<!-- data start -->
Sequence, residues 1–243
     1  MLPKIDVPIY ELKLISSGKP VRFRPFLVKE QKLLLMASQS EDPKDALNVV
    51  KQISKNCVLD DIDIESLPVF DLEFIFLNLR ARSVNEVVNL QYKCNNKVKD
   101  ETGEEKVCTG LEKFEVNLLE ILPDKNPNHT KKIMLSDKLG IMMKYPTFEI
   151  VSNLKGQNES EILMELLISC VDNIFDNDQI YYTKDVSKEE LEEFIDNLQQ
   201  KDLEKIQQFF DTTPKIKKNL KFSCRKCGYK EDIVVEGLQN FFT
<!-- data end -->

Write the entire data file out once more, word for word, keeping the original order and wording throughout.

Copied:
Sequence, residues 1–243
     1  MLPKIDVPIY ELKLISSGKP VRFRPFLVKE QKLLLMASQS EDPKDALNVV
    51  KQISKNCVLD DIDIESLPVF DLEFIFLNLR ARSVNEVVNL QYKCNNKVKD
   101  ETGEEKVCTG LEKFEVNLLE ILPDKNPNHT KKIMLSDKLG IMMKYPTFEI
   151  VSNLKGQNES EILMELLISC VDNIFDNDQI YYTKDVSKEE LEEFIDNLQQ
   201  KDLEKIQQFF DTTPKIKKNL KFSCRKCGYK EDIVVEGLQN FFT